Academic journal article Higher Education Studies

Pedagogical Implications of Using Discussion Board to Improve Student Learning in Higher Education

Academic journal article Higher Education Studies

Pedagogical Implications of Using Discussion Board to Improve Student Learning in Higher Education

Article excerpt


This study reports on the pedagogical implications of using the Blackboard feature Discussion Board (DB) to improve students' learning in higher education. The study sample included three sections of female students - a total of 155 students - in an undergraduate course at an international university in Saudi Arabia. The impact of using DB on first-year female students' achievement was assessed through quantitative analyses of pre- and post-tests. The effect of DB on students' attitudes was ascertained by means of qualitative analyses of students' responses to a post-treatment questionnaire. The results indicated that students in the experimental group showed a greater degree of improvement in test scores than those in the control group, and that posting to Blackboard was positively related to improvement among those in the control group but not among those in the experimental group.

Keywords: blended learning, distance education, Blackboard, Discussion Board, higher education, class online discussion, online class discussion, collaboration, Saudi female students

1. Introduction

Online communication is becoming an essential element of higher education in many parts of the world. Many studies have discussed the advantages, disadvantages and limitations of using online learning, blended learning, web-based learning, virtual learning environments and online discussions. Al-Hosan and Oyiad (2010) refer to one major advantage of online learning: it offers an individualized learning experience that fulfills the educational needs of students with different learning styles (p. 798). Virtual learning environments also offer flexibility in terms of time and place (Barbour & Reeves, 2009). Another of their most important advantages is the ease with which the information provided can be continuously modified, thus helping to make learning more enjoyable and individualized (Al-Shanak & Doumi, 2009). As explained by Garrison and Anderson (2003), online learning is emerging as "a practical necessity in the realization of relevant, meaningful, and continuous learning" (p. 23).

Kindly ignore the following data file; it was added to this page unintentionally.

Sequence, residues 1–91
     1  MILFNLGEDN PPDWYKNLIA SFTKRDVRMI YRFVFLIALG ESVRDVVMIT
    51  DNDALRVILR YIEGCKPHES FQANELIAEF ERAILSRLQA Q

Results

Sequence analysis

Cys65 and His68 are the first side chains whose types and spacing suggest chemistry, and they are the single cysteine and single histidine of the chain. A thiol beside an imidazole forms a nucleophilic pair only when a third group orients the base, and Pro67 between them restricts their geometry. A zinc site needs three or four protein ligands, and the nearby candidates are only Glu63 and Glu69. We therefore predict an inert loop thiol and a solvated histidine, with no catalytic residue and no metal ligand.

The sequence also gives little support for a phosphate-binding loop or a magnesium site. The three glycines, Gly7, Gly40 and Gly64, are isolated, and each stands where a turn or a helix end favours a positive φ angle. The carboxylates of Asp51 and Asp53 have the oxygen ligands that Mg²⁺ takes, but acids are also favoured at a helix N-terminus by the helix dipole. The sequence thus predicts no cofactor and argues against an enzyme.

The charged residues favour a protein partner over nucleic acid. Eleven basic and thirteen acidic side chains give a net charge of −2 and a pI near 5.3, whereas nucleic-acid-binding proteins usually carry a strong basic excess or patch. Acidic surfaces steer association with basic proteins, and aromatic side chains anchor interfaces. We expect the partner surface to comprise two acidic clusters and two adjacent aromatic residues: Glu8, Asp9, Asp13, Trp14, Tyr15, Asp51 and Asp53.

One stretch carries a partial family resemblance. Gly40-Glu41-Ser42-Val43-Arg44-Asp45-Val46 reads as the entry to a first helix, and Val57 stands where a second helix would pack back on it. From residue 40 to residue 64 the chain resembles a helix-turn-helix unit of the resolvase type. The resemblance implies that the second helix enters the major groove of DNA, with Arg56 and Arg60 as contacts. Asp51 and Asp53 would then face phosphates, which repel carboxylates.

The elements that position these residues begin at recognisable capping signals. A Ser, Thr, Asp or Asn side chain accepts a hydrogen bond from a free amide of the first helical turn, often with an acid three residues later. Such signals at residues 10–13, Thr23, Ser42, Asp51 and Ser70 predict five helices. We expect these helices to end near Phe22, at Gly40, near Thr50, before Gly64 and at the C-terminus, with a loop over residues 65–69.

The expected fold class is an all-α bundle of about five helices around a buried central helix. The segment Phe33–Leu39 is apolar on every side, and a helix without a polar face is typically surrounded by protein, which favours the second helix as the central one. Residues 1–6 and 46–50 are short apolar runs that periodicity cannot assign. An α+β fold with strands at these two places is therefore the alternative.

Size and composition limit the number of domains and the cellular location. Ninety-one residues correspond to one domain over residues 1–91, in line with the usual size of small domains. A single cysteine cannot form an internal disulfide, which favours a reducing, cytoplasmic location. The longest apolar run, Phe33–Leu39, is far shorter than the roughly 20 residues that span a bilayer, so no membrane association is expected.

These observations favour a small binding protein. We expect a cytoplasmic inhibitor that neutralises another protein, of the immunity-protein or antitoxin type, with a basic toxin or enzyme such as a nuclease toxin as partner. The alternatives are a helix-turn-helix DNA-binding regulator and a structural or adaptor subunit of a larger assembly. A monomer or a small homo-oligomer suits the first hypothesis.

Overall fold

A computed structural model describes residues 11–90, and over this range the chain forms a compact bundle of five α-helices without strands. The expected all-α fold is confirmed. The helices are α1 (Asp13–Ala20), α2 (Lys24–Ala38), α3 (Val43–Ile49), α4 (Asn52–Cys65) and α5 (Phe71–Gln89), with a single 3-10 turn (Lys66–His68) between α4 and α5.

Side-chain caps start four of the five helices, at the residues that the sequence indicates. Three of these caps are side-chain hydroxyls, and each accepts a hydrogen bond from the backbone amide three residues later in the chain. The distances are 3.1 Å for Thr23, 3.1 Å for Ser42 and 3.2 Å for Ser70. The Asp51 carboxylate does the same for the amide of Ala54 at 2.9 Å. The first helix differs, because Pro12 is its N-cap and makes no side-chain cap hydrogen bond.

Various studies have pointed to the importance of communication between instructors and students. Al-Fadda and Al-Yahya (2010) describe the use of blogs to encourage pre-class reading assignments and to enhance learning and discussion during class (p. 105). They found blogs to be an effective tool for encouraging students to do pre-class readings and to engage in post-class reflections. This research is also valuable for its evaluation of students' general attitudes towards the use of blogs in higher education.

Online learning environments are increasingly becoming a staple component of teaching and learning in higher education. The influence of these environments on the nature of the communication that takes place within courses has huge pedagogical implications (Wilkinson & Barlow, 2010, p. 1). In this paper I demonstrate that the use of Discussion Board (DB), which is a feature of Blackboard (BB), to help students share and debate can be a catalyst for the transformation of educational practices for the better if it is supported by educational pedagogies that enhance critical thinking and metacognitive learning skills.

2. Method

Religion and culture in Saudi Arabia shape not only people's attitudes, practices and behaviours, but also their construction of the reality of their life. Similarly, the social environment, in the case of the integration of online and face-to-face learning, exerts considerable influence on students' perceptions. This makes social-constructivism theory appropriate for this study's attempt to understand the perceptions of instructors and students in regard to blended learning in Saudi society.

The main research question concerns how the use of DB as a pedagogical tool in higher education is related to changes in test scores. Three groups of first-year university students participated in the study: two groups employed DB to discuss the course readings prior to class and to reflect afterwards on the issues and cases that had been discussed in the classroom, while the third group did not have this requirement and relied on the set textbooks only. …

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